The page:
What it is: Apple makes its future vision clear but technology journalists often miss the obvious.
Apple recently hired Dr. Ricky Bloomfield who was formerly the director of mobile strategy at Duke University and an early adopter of Apple’s HealthKit and ResearchKit platforms. With so much emphasis on creating HealthKit and ResearchKit, along with hiring top medical researchers, it’s obvious that Apple’s long-term strategy is to provide real-time health monitoring and data storage. Yet for some reason, most of the world still seems oblivious to Apple’s long-term vision.
What Apple wants to do is monitor your health with a wearable computer like the Apple Watch and store that data so that others can access it through HealthKit and ResearchKit. Health is the next killer app because maintaining your health is something everyone can be interested in regardless of how much they may love or hate technology.
ResearchKit makes it easy for medical researchers to gather data on specific test subjects, who can store and share their data with researchers through HealthKit. Apple is creating both a software and hardware platform for monitoring and managing health data, which is difficult to do with other solutions.
If you want to monitor your health in real-time, you can wear a variety of fitness bands. Now the problem is sharing that data easily with others. Medical researchers currently test and monitor subjects by posting ads around schools and newspapers, but that means only attracting a small number of qualified candidates limited to their local region. With ResearchKit, medical researchers can get data from qualified subjects all over the world, broadening their data beyond a specific geographical region.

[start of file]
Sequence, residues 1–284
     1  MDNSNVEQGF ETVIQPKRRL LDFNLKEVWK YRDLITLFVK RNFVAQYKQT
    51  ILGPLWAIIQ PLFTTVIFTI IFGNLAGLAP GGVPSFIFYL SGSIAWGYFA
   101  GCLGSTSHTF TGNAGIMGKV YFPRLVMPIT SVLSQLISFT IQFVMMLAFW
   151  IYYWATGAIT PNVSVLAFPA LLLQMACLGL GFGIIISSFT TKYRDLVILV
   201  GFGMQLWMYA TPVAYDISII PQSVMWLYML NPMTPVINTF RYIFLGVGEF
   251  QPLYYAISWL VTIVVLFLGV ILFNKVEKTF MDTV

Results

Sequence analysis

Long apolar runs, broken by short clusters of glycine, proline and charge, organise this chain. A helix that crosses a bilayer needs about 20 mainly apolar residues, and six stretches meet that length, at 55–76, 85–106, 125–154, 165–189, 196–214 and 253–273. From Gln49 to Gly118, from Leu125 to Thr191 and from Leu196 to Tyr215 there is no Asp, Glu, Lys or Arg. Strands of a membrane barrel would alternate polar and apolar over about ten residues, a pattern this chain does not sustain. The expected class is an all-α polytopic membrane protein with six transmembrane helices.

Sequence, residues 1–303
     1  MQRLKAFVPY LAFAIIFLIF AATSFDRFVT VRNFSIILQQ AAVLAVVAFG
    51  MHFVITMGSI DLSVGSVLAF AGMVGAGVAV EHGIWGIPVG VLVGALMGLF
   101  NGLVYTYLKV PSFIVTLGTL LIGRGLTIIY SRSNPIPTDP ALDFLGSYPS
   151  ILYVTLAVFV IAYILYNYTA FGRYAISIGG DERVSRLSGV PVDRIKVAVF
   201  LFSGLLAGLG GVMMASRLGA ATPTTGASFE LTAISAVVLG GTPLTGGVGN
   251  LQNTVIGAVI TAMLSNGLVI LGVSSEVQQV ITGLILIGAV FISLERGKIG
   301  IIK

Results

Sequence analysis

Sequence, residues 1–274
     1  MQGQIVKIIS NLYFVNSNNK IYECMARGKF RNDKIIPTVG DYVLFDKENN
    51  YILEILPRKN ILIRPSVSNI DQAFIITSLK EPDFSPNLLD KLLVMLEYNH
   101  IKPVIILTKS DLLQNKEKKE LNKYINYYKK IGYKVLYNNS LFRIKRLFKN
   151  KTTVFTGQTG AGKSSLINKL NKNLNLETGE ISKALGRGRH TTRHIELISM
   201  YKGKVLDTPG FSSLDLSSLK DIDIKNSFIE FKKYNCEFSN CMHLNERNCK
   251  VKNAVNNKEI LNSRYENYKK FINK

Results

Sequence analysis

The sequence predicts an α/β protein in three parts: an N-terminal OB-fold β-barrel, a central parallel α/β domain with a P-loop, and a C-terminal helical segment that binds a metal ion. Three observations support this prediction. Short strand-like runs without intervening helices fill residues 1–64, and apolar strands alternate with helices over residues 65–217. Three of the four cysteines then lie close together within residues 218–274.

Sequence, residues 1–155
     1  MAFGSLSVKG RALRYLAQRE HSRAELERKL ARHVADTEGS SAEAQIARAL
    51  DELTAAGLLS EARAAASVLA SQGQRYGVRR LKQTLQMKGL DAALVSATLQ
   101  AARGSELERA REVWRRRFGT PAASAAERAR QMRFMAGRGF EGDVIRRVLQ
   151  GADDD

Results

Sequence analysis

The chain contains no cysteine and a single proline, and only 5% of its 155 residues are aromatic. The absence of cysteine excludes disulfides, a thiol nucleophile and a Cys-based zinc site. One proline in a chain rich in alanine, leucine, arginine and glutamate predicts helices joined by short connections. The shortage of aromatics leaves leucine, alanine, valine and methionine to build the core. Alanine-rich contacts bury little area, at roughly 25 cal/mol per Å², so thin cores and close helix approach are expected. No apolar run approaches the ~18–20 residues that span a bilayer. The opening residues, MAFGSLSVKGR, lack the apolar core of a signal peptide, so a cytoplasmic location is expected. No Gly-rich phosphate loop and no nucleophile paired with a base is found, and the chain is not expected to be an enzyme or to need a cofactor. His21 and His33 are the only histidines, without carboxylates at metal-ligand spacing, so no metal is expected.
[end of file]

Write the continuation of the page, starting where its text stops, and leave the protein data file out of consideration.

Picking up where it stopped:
Right now, doctors store data in a variety of paper and electronic forms that aren’t easily shared or accessible with others. HealthKit solves that problem by making it easy for you to take your health data from one doctor to another. Doing this today is difficult, but HealthKit makes this easy.
So the combination of HealthKit, ResearchKit, and wearable computers like the Apple Watch all show Apple’s long-term vision for the future, which is to provide the hardware to access real-time health data and the software to store and manage it. Given the millions Apple keeps pouring into hiring medical researchers, Apple’s long-term vision should be obvious, yet Apple’s many competitors seem to miss this clear vision of the future.
Microsoft has reportedly cancelled their Microsoft Band wearable computer so that eliminates them from providing their own real-time health monitoring hardware. Google offers Google Fit, a software platform for managing health data, but Google lacks hardware to monitor health. Once any company establishes a “standard” for health data storage, it will be extremely hard for rivals to squeeze in just like most corporations still rely on Windows PCs instead of Linux or Macintosh computers.
Apple’s health goals are blatantly obvious, but not immediately profitable so rivals aren’t pushing their own solutions. By the time Apple’s health initiative starts becoming popular and profitable, it will be too late for rivals to break in.
Whether you like Apple or not, they have a long-term vision for simplifying health information with technology while their major rivals do not. Right now it’s easy for companies to focus on sexier technology like virtual reality headsets or laptops that flip screens around to turn into tablets. Yet if companies simply follow the latest trend, they’ll always be too late. You can never lead by constantly following, but few companies seem to recognize this paradox.